Not that long ago, the focus had been on the ordination of women. In 1974, after 150 years of struggle, the first women were ordained as priests following the Triennial Convention in Minneapolis. Subsequently, the Anglican Communion said okay, but declared that it was up to individual provinces to decide whether to ordain women or not; almost all of the churches in Africa still do not.
In 1985, the American Church voted to ordain qualified gays and lesbians as priests. And, in 2003, the Triennial Convention of the Episcopal Church (meeting again in Minneapolis) voted to ordain Gene Robinson, a partnered gay man, as Bishop of New Hampshire. Most were ecstatic, but not all.
Where did almost all of the negative reactions come from? A lot came from the same areas where women are still barred from full ordained leadership. In a few quarters, oppositions was livid. Each day, as I walked into that 2003 Minneapolis Convention through the groups assembled on the lawn, they screamed and pointed their fingers in my face: “God hates Episcopalians. God hates gays. God hates you.” Then they would launch into, “God hates America.” It was beyond frightening and each day I dreaded it.
This is not some little churchy, academic argument…. At his consecration as bishop in New Hampshire, under his vestments, Gene Robinson wore a bullet-proof vest.
Following Robinson’s ordination in 2003, and at the request of various members of the Anglican Communion and the Archbishop of Canterbury, from 2003-2009 the American church faithfully observed a seven-year moratorium on ordaining any more gay or lesbian bishops so the issue could be discussed further.
It really wasn’t.
So last month, the American Church revoked the seven-year ban and The Rev. Mary Glasspool, a partnered lesbian, was elected a bishop in the Diocese of Los Angeles. The usual protests were present, while most in the Church rejoiced.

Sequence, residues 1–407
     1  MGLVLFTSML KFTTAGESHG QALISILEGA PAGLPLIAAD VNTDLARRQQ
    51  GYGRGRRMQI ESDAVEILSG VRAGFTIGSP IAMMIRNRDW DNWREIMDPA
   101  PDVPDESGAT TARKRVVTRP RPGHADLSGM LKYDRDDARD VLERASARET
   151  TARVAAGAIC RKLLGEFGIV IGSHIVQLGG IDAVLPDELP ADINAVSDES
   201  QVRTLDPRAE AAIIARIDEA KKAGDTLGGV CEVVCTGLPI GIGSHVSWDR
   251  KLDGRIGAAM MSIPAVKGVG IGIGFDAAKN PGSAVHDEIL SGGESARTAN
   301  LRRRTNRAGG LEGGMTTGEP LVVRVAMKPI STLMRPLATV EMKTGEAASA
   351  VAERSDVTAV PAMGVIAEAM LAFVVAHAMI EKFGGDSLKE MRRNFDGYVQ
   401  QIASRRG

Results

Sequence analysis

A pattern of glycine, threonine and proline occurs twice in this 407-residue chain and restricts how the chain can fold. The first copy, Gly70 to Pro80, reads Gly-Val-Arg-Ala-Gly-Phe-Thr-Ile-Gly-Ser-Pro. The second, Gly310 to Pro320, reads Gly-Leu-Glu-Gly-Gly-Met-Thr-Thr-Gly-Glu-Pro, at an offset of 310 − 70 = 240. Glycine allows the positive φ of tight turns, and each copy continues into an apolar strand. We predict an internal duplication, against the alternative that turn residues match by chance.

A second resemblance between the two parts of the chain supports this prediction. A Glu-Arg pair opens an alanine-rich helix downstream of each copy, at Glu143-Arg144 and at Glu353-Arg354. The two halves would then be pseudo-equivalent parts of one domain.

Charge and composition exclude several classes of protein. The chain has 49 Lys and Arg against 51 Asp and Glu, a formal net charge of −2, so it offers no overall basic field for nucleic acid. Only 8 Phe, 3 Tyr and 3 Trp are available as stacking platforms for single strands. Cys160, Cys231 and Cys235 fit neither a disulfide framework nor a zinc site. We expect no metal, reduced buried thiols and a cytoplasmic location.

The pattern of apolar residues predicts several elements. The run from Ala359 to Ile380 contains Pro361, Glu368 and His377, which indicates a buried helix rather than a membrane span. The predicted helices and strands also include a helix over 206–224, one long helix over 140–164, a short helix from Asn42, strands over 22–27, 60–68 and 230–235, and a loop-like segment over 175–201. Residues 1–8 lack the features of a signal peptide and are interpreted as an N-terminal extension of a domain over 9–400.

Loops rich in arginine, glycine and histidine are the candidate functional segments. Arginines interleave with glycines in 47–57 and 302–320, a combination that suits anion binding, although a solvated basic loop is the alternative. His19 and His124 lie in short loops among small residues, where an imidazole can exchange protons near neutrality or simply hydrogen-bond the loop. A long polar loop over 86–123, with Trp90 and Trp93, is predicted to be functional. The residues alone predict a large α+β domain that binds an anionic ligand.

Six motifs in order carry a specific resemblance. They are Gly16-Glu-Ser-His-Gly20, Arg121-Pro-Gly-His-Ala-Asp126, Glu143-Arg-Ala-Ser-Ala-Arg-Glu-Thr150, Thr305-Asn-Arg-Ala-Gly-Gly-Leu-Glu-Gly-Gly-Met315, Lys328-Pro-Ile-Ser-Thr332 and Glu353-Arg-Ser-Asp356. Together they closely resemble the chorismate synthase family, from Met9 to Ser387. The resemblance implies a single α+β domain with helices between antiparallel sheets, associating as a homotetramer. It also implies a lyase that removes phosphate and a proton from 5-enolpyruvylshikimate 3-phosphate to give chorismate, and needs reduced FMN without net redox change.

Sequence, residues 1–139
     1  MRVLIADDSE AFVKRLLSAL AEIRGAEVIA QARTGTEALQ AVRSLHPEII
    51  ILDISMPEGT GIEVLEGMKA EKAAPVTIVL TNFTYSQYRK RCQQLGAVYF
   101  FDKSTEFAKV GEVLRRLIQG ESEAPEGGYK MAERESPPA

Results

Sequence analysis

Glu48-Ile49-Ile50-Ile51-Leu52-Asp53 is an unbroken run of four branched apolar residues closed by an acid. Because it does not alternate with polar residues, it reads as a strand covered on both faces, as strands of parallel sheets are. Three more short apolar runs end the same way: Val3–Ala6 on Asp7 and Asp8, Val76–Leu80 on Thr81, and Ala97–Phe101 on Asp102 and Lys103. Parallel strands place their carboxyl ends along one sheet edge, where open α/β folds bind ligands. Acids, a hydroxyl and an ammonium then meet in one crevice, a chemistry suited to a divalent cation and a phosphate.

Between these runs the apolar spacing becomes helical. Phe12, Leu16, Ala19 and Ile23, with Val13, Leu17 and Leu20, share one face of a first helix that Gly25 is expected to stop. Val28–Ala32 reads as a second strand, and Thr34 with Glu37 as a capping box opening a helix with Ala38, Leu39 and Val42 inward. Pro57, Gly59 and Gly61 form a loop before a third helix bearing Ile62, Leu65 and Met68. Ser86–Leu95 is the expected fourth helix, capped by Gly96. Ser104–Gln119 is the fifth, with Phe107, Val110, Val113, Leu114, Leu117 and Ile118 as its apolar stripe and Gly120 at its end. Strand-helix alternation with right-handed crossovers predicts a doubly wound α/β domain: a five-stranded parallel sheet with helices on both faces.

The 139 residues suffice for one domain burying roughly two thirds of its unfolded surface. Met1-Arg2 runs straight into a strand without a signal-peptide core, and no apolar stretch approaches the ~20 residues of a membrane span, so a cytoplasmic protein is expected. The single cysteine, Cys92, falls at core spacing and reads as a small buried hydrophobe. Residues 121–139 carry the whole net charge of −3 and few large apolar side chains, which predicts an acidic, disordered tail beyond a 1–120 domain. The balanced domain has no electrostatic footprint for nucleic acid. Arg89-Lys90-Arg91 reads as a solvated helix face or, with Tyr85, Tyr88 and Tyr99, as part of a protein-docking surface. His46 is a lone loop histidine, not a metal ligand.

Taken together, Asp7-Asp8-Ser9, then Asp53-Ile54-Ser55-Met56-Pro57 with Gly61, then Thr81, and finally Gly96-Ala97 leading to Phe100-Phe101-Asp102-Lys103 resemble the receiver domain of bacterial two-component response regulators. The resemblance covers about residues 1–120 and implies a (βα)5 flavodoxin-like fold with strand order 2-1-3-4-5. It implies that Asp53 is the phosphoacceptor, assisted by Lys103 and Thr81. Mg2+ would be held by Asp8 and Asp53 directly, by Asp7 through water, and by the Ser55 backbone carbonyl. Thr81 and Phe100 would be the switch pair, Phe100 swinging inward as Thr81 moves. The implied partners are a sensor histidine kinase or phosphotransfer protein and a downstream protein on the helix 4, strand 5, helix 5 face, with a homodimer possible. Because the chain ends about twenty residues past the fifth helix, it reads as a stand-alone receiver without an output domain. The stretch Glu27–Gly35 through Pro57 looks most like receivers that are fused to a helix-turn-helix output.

The position of the American Church all along has not been that we are demanding everyone, everywhere, ordain homosexuals, only that we have clearly felt the Spirit calling us to do this, and that our reading of Scripture supports this decision.
We have not called for anyone’s dismissal or censure, only have pleaded that the discussion continue in good faith—here in the American church, and in the wider Communion. Writer Diana Butler Bass points out that since Robinson’s election in 2003, “most bishops report that things are much less tense than in recent years. Folks are moving ahead in their local parishes during the sorts of things Episcopalians are pretty good at doing—creating beautiful worship, praying together, and feeding hungry people.”
However, some Anglicans – some here, some in other places – are still pretty mad about the whole thing. A lot of them are in the countries that have recently debated a death-penalty law for gay people.
All of this sets the stage for this month, and the incident that has been called “The Anglican Smack-down.” Pretty lively term for Episcopalians!
Last month, Rowan Williams, Archbishop of Canterbury (head of the church) wrote a Pentecost letter denouncing those who are ordaining gay bishops and telling them that he is going to remove people from important Anglican committees whose national churches have not followed the rules. These are primarily from the United States and Canada (where gays can get married). Bass says he endorses “top-down” Anglicanism, a version that is hierarchal, bishop-centered, and authoritarian. This version relates to similar forms of Christianity found in Roman Catholicism and in some forms of Eastern Orthodoxy.
Soon afterwards, our Presiding Bishop Katherine issued her own Pentecost letter in which, as Bass says, “she accuses Williams in a nice sort of Anglican way, of being a theological dictator—or as she put it, “Unitary control does not characterize Anglicanism,” that is,, an Anglicanism where we live in tension among competing ideas, accommodating them under our “big tent.”
Jefferts-Schori speaks for ”bottom-up Anglicism,” a version of the faith that is democratic, parish–based and mission–centered. This version of Anglicanism is rooted in the ancient Celtic Christianity and in the work of St. Augustine of Canterbury.